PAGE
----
Damian Pascuzzo is a partner in the golf course architecture firm Graves & Pascuzzo, based in El Dorado Hills, California. A past president of the American Society of Golf Course Architects, Damian counts The Ranch Golf Club (Southwick, MA), La Purisima Golf Course (Lompoc, CA), Indian Pond Country Club (Kingston, MA), Maderas Country Club (Poway, CA) and The Bridges at Gale Ranch (San Ramon, CA) among his original designs. His renovation work includes La Quinta Country Club (La Quinta, CA), Blackhawk Country Club (Danville, CA), and The Lakes Country Club (Palm Desert, CA). Damian is a graduate of Cal Poly-San Luis Obispo, with a BS in Landscape Architecture.
If You Go…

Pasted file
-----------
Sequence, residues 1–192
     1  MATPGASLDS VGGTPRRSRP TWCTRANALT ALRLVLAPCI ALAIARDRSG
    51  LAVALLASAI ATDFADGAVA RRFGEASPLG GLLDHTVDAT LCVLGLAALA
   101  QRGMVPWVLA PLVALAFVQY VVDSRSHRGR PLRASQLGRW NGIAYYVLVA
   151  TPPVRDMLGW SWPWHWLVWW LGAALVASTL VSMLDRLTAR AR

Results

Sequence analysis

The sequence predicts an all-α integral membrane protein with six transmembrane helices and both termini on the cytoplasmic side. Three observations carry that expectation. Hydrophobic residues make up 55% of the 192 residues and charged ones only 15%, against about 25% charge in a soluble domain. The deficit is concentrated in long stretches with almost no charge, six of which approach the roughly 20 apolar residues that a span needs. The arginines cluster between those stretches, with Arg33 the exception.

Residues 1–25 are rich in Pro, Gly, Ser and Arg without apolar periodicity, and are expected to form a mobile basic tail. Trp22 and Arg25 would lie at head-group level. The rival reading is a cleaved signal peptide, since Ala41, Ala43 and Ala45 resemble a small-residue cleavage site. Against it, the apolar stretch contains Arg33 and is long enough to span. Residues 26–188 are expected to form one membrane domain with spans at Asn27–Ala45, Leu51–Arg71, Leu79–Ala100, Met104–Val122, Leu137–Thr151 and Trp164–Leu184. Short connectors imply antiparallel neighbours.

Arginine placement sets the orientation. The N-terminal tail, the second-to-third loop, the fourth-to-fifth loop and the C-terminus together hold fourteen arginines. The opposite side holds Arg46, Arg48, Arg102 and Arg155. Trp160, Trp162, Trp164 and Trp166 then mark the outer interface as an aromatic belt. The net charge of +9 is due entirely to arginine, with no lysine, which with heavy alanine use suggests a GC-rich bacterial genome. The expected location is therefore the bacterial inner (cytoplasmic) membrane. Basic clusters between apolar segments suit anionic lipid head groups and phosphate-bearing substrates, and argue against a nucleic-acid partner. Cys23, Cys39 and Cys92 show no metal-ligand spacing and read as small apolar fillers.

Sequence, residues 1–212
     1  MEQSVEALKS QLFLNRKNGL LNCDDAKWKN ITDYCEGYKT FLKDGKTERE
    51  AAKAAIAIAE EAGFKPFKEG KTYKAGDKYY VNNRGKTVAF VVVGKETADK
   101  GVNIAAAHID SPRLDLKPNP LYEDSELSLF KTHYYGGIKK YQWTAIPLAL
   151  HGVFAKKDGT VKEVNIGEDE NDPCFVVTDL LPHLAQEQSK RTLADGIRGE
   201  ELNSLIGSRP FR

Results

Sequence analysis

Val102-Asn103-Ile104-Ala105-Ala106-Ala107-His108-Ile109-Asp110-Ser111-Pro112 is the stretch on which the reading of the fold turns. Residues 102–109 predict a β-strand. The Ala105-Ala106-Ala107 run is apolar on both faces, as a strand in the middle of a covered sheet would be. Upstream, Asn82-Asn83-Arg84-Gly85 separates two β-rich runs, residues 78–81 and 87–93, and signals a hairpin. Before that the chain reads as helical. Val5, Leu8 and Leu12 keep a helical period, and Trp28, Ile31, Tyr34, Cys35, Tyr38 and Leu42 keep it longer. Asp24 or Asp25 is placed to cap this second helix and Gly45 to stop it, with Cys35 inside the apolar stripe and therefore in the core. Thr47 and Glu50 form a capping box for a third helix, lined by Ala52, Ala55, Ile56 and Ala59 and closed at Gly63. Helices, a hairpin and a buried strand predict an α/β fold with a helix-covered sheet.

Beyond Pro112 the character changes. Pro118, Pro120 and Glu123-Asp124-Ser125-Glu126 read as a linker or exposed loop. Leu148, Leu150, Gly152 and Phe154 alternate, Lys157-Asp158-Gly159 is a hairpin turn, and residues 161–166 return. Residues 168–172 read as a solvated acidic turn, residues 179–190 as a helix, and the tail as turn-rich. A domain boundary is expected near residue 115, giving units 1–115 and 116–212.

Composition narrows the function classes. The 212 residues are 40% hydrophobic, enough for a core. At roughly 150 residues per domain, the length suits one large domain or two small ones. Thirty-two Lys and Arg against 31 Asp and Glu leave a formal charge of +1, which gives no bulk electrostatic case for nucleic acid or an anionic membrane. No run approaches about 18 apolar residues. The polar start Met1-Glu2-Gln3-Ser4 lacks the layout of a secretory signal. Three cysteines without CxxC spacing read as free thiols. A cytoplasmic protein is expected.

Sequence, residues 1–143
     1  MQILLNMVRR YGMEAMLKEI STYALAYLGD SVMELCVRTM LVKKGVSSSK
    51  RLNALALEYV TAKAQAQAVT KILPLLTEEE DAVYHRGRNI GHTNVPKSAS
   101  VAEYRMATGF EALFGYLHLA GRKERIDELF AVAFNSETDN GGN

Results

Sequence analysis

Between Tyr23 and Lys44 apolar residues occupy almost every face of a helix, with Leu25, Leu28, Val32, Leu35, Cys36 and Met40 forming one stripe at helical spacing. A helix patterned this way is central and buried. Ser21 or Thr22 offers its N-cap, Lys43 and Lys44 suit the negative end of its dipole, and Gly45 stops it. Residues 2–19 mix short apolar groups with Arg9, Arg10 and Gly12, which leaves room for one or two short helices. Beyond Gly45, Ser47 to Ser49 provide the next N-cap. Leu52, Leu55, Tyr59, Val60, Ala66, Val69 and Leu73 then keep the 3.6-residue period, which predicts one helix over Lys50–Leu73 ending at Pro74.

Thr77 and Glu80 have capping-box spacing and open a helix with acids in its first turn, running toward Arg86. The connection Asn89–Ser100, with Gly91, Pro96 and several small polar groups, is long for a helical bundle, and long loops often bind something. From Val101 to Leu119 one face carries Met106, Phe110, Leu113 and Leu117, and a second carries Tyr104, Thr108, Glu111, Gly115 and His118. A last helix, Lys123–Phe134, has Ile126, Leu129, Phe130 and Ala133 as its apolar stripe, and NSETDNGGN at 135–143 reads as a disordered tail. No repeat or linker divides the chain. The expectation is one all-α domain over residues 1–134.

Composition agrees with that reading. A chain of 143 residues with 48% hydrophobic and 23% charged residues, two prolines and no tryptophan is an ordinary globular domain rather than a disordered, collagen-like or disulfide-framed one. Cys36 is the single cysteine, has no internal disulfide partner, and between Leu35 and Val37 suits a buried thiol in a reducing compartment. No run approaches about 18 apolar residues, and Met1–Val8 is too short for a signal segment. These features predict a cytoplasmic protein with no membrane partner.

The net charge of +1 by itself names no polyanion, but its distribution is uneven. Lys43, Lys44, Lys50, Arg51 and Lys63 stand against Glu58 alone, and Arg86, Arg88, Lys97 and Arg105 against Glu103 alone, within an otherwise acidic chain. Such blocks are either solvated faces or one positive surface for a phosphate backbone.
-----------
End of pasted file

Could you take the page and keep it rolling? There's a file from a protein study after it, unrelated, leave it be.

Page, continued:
Getting There: Royal County Down is situated in the town of Newcastle, approximately 30 miles south of Belfast and 90 miles north of Dublin. Direct flights to Belfast are available from Newark, NJ on Continental (800-231-0856; www.continental.com). Eastern Airways (08703 669 100; www.easternairways.com) has service to Belfast from a number of UK airports.
Course Information: Royal County Down measures 7,037 yards from the tips, and has a par of 71. The course is open to visitors on the following schedule: Mondays, Tuesdays and Fridays – 8:00-8:30a.m.; 9:30a.m.-12:00 noon; 2:00p.m.-4:00p.m. Thursdays: 8:00-8:30a.m.; 9:30a.m.-12:00 noon. Sundays: 1:00p.m.-2:30p.m. Greens fees range from 75 pounds in the winter months to 180 pounds in the spring and summer.
(Photo courtesy of Royal County Down Golf Club.)